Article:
the circumstance that in the workmen’s barraque where we had
shared quarters these folk had observed the good old Russian
custom of confiding to a stranger the whole of their troubles,
and had done so in tones of such amplitude and penetration that
the querulous words must have been audible for five versts

And as I had talked to these forlorn people, these human beings
who lay crushed beneath the misfortune which had uprooted them
from their barren and exhausted lands, and blown them, like
autumn leaves, towards the Caucasus where nature’s luxuriant,
but unfamiliar, aspect had blinded and bewildered them, and with
its onerous conditions of labour quenched their last spark of
courage; as I had talked to these poor people I had seen them
glancing about with dull, troubled, despondent eyes, and
heard them say to one another softly, and with pitiful smiles:

“What a country!”

“Aye,– that it is !–a country to make one sweat!”

“As hard as a stone it is!”

“Aye, an evil country! ”

After which they had gone on to speak of their native haunts,
where every handful of soil had represented to them the dust of
their ancestors, and every grain of that soil had been watered
with the sweat of their brows, and become charged with dear and
intimate recollections.

Previously there had joined the party a woman who, tall and
straight, had had breasts as flat as a board, and jawbones like
the jawbones of a horse, and a glance in her dull, sidelong
black eyes like a gleaming, smouldering fire.

And every evening this woman had been wont to step outside the
barraque with the woman in the yellow scarf and to seat herself
on a rubbish heap, and, resting her cheeks on the palms of her
hands, and inclining her head sideways, to sing in a high and
shrewish voice:

Behind the graveyard wall,
Where fair green bushes stand.
I’ll spread me on the sand
A shroud as white as snow.
And not long will it be
Before my heart’s adored,
My master and my lord,
Shall answer my curtsey low.

Usually her companion, the woman in the yellow scarf, had, with
head bent forward and eyes fixed upon her stomach, remained
silent; but on rare, unexpected occasions she had, in the
hoarse, sluggish voice of a peasant, sung a song with the
sobbing refrain:

Ah, my beloved, sweetheart of mine,
Never again will these eyes seek thine!

Nor amid the stifling blackness of the southern night had these
voices ever failed to bring back to my memory the snowy wastes
of the North, and the icy, wailing storm-wind, and the distant
howling of unseen wolves.

In time, the squint-eyed woman had been taken ill of a fever, and
removed to the town in a tilted ambulance; and as she had lain
quivering and moaning on the stretcher she had seemed still to
be singing her little ditty about the graveyard and the sand.

The head with the yellow scarf rose, dipped, and disappeared.

After I had finished my breakfast I thatched the honey-pot with
some leaves, fastened down the lid, and indolently resumed my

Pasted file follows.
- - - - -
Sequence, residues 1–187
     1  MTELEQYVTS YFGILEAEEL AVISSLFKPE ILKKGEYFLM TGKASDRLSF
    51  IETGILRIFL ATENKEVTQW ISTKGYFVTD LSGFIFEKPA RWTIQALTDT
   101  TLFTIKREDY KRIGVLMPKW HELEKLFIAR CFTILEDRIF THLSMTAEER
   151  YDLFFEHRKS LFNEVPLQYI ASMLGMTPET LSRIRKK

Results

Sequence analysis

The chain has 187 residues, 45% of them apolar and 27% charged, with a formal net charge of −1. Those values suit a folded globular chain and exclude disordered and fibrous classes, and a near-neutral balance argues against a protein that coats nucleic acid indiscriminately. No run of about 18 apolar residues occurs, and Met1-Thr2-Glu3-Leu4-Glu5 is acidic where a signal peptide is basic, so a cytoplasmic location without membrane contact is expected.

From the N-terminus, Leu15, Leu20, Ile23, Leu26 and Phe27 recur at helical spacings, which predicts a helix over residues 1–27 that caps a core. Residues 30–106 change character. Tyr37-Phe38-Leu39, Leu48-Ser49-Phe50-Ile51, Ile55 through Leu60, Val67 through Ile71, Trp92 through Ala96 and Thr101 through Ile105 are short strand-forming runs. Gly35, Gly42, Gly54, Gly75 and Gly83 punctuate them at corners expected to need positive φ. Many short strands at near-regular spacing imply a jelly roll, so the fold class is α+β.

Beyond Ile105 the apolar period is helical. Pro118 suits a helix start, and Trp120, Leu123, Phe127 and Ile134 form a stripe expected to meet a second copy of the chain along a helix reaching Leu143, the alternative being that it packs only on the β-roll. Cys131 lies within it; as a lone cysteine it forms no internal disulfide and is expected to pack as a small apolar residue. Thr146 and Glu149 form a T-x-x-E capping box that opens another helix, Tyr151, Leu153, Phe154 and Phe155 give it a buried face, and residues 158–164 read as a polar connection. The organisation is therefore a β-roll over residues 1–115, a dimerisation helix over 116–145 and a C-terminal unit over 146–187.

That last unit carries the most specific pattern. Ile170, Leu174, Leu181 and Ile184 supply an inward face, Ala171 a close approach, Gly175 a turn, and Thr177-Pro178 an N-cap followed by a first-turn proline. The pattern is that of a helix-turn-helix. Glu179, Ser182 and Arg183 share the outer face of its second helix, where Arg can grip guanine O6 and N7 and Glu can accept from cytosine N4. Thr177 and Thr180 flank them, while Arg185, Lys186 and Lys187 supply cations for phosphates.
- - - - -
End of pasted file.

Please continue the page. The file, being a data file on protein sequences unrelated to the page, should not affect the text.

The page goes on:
way in the wake of the party, my blackthorn staff tiptapping
against the hard tread of the track as I proceeded.

The track loomed– a grey, narrow strip– before me, while
on my right the restless, dark blue sea had the air of being
ceaselessly planed by thousands of invisible carpenters; so
regularly did the stress of a wind as moist and sweet and warm
as the breath of a healthy woman cause ever-rustling curls of
foam to drift towards the beach. Also, careening on to its port
quarter under a full set of bellying sails, a Turkish felucca was
gliding towards Sukhum; and, as it held on its course, it put me
in mind of a certain pompous engineer of the town who had
been wont to inflate his fat cheeks and say: ” Be quiet, you,
or I will have you locked up! ” This man had, for some reason
or another, an extraordinary weakness for causing arrests to
be made; and, exceedingly do I rejoice to think that by now the
worms of the graveyard must have consumed him down to the
very marrow of his bones. Would that certain other acquaintances
of mine were similarly receiving beneficent attention!

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Walking proved an easy enough task, for I seemed to be borne on
air, while a chorus of pleasant thoughts, of many-coloured
recollections, kept singing gently in my breast–a chorus
resembling, indeed, the white-maned billows in the regularity
with which now it rose, and now it fell, to reveal in, as it
were, soft, peaceful depths the bright, supple hopes of youth,
like so many silver fish cradled in the bosom of the ocean.

Suddenly, as it trended seawards, the road executed a half-turn,
and skirted a strip of the sandy margin to which the waves kept
rolling in such haste. And in that spot even the bushes seemed
to have a mind to look the waves in the eyes–so strenuously did
they lean across the riband-like path, and nod in the direction
of the blue, watery waste, while from the hills a wind was
blowing that presaged rain.


But hark! From some point among the bushes a low moan arose–the
sound which never fails to thrill the soul and move it to
responsive quivers!

Thrusting aside the foliage, I beheld before me the woman in the
yellow scarf. Seated with her back resting against the stem of a
hazel-bush, she had her head sunken deeply between her
shoulders, her mouth hideously agape, her eyes staring vaguely